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Grace and Grit: My Fight for Equal Pay and Fairness at Goodyear and Beyond
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Amazon.com Product Description (ISBN 0307887928, Hardcover)The courageous story of the woman at the center of the historic discrimination case that inspired the Lilly Ledbetter Fair Pay Restoration Act--her fight for equal rights in the workplace, and how her determination became a victory for the nation.
Lilly Ledbetter was born in a house with no running water or electricity in the small town of Possum Trot, Alabama. She knew that she was destined for something more, and in 1979, Lilly applied for her dream job at the Goodyear tire factory. Even though the only women she’d seen there were secretaries in the front offices where she’d submitted her application, she got the job—one of the first women hired at the management level.
Though she faced daily discrimination and sexual harassment, Lilly pressed onward, believing that eventually things would change. Until, nineteen years later, Lilly received an anonymous note revealing that she was making thousands less per year than the men in her position. Devastated, she filed a sex discrimination case against Goodyear, which she won—and then heartbreakingly lost on appeal. Over the next eight years, her case made it all the way to the Supreme Court, where she lost again: the court ruled that she should have filed suit within 180 days of her first unequal paycheck--despite the fact that she had no way of knowing that she was being paid unfairly all those years. In a dramatic moment, Justice Ruth Bader Ginsburg read her dissent from the bench, urging Lilly to fight back.
And fight Lilly did, becoming the namesake of President Barack Obama's first official piece of legislation. Today, she is a tireless advocate for change, traveling the country to urge women and minorities to claim their civil rights. Both a deeply inspiring memoir and a powerful call to arms, Grace and Grit is the story of a true American icon.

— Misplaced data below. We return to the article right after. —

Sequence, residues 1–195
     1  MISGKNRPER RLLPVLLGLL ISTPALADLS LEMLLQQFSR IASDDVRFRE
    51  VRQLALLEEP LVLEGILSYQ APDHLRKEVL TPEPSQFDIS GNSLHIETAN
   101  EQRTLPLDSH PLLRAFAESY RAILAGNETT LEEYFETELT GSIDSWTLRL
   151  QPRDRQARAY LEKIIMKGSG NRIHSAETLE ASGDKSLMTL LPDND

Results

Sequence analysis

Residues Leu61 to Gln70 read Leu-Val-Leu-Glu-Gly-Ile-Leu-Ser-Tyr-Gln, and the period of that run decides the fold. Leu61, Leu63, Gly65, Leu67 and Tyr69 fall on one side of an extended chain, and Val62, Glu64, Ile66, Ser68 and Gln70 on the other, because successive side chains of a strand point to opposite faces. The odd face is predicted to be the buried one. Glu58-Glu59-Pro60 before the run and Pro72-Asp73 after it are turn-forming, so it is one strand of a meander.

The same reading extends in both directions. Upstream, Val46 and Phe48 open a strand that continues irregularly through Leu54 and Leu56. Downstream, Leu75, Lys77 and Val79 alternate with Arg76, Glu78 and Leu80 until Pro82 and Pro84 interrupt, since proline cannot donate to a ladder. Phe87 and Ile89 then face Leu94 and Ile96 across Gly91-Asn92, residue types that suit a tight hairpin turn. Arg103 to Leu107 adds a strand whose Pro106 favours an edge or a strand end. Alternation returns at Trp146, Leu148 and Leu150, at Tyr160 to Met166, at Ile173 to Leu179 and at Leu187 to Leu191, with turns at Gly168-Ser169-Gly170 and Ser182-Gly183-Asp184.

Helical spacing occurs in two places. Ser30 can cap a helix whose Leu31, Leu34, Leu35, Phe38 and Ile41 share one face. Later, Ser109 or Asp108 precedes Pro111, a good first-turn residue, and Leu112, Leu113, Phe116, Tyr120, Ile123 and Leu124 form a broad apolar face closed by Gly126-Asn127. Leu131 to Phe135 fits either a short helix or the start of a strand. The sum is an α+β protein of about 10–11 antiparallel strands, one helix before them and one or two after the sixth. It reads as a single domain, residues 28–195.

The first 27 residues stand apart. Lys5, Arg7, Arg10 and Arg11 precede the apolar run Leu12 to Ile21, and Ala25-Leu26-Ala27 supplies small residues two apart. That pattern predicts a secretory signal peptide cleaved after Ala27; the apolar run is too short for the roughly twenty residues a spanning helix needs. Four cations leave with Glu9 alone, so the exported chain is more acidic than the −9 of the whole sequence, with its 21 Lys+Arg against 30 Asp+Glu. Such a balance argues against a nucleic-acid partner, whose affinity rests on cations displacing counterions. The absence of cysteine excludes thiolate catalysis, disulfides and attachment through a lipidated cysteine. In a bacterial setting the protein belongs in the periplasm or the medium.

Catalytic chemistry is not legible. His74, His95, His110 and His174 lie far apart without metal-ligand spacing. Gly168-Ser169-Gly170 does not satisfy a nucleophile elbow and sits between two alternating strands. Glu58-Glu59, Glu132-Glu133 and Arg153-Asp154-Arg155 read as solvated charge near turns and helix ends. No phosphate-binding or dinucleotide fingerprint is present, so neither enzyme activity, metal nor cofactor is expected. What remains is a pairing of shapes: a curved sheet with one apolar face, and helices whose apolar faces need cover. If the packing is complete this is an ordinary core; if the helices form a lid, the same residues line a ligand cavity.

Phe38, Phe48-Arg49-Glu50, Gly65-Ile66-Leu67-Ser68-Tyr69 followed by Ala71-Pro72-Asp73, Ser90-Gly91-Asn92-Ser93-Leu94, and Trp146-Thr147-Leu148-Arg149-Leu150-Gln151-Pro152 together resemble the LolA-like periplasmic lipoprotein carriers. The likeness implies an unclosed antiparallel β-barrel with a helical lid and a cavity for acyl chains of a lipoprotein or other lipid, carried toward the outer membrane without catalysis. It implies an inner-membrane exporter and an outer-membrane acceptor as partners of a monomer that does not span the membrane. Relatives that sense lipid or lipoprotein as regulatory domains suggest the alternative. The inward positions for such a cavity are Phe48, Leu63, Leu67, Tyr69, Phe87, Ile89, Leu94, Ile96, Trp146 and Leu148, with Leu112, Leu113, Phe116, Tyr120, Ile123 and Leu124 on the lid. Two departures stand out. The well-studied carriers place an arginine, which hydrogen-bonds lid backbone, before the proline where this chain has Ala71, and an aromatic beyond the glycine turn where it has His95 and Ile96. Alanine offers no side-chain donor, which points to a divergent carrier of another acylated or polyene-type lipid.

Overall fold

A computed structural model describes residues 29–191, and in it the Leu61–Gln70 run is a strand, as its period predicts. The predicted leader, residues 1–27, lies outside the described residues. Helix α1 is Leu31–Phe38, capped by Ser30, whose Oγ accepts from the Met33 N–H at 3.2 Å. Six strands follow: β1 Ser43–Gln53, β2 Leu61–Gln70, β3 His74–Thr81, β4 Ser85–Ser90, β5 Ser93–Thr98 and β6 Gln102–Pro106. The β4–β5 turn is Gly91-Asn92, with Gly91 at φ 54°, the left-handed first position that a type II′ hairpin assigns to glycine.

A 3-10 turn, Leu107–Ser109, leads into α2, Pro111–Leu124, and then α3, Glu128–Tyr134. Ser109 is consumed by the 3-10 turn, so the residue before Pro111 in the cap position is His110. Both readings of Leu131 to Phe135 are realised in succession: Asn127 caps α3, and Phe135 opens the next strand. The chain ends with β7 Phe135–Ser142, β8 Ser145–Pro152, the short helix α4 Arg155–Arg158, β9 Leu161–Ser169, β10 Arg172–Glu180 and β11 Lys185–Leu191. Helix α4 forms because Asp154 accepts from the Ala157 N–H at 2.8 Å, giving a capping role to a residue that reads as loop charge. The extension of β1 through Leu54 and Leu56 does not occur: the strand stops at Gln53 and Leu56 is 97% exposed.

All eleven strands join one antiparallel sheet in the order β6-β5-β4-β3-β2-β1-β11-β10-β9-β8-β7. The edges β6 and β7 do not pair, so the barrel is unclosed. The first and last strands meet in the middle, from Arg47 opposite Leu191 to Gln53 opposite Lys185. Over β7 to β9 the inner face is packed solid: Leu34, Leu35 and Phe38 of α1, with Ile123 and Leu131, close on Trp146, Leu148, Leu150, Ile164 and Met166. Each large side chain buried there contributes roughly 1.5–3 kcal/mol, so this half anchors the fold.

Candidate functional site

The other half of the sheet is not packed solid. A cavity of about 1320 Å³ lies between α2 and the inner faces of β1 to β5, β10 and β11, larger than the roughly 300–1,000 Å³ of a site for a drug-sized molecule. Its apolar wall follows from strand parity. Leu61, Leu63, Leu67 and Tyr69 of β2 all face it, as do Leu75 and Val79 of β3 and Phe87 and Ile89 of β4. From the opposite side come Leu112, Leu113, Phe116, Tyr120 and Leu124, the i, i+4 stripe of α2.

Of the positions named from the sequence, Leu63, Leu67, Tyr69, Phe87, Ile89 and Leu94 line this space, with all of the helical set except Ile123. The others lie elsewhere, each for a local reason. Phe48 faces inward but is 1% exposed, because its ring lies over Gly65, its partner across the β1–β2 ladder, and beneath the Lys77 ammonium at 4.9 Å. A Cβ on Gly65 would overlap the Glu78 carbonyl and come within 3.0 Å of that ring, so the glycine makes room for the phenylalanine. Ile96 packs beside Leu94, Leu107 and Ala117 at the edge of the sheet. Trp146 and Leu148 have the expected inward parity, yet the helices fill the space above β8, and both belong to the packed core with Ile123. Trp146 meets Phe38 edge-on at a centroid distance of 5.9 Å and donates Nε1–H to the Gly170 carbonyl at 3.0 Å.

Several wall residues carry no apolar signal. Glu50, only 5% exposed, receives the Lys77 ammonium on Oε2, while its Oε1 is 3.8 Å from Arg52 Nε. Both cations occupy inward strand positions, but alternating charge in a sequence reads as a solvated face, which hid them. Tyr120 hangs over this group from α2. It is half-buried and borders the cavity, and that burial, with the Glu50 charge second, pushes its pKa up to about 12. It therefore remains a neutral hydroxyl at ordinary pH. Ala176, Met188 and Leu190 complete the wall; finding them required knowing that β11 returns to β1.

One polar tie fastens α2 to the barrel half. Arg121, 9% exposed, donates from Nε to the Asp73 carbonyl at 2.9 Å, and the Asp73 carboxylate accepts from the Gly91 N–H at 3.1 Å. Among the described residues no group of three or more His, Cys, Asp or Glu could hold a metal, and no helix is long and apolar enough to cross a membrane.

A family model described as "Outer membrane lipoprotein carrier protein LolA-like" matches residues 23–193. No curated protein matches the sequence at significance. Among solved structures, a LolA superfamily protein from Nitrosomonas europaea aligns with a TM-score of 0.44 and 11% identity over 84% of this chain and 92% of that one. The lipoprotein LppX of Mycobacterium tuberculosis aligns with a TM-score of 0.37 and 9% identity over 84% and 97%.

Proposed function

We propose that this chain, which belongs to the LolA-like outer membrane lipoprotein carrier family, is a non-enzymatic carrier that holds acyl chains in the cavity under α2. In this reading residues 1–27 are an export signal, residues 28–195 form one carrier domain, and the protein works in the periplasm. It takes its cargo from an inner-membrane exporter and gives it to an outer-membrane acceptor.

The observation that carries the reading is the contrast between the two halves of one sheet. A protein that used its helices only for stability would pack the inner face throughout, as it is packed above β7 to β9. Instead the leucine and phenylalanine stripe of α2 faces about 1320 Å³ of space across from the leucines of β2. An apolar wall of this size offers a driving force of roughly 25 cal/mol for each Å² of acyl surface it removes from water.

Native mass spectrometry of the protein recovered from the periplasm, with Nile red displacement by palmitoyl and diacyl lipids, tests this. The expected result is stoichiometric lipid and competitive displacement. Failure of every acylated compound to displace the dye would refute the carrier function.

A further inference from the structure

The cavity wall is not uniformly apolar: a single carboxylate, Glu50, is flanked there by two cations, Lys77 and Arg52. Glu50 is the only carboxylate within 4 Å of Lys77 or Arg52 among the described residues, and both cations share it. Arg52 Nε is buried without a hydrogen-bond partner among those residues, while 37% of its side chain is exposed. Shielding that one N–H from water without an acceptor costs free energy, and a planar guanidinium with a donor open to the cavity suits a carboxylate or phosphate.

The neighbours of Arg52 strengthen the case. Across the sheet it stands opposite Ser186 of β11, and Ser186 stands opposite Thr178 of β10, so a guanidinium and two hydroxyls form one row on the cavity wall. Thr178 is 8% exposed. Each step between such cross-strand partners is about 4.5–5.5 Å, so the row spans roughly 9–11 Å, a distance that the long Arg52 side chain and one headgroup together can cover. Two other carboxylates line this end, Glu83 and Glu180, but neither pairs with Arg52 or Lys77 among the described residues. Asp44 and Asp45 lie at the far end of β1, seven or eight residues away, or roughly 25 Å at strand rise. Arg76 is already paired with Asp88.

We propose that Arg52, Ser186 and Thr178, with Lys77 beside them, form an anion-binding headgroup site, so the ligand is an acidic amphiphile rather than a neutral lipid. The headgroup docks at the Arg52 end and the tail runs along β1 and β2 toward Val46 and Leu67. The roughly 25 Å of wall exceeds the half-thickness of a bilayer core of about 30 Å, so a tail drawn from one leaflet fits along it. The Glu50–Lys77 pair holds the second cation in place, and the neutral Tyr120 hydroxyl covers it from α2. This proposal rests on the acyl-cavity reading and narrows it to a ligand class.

(retrieved from Amazon Thu, 12 Mar 2015 18:06:23 -0400)
In 1998, after the author had spent 19 grueling years working at a Goodyear plant, an anonymous note showed her that she made 40 per cent less than her male counterparts. So began her decade-long legal battle for equal pay, a story she tells movingly and frankly. After a hardscrabble childhood in a small Alabama community, she knew a job at the nearby Goodyear plant meant lifelong financial stability. In 1979 as a manager there, she found men reluctant to take orders from a woman, and faced blatant sexual harassment (a performance review ended with a solicitation). She tried to take it in stride, but the stress took a mental and physical toll. Goodyear continually transferred her between departments, citing poor performance, but failed to produce evidence when she requested it. After discovering the anonymous note, she filed a complaint with the Equal Employment Opportunities Commission, leading to her landmark discrimination lawsuit under Title VII and the Equal Pay Act. While she lost the case on appeal (a decision upheld by the Supreme Court), the experience prompted her to become a spokesperson for equal pay. In January 2009, President Obama signed the Lilly Ledbetter Fair Pay Restoration Act, a satisfying coda to this inspiring tale.
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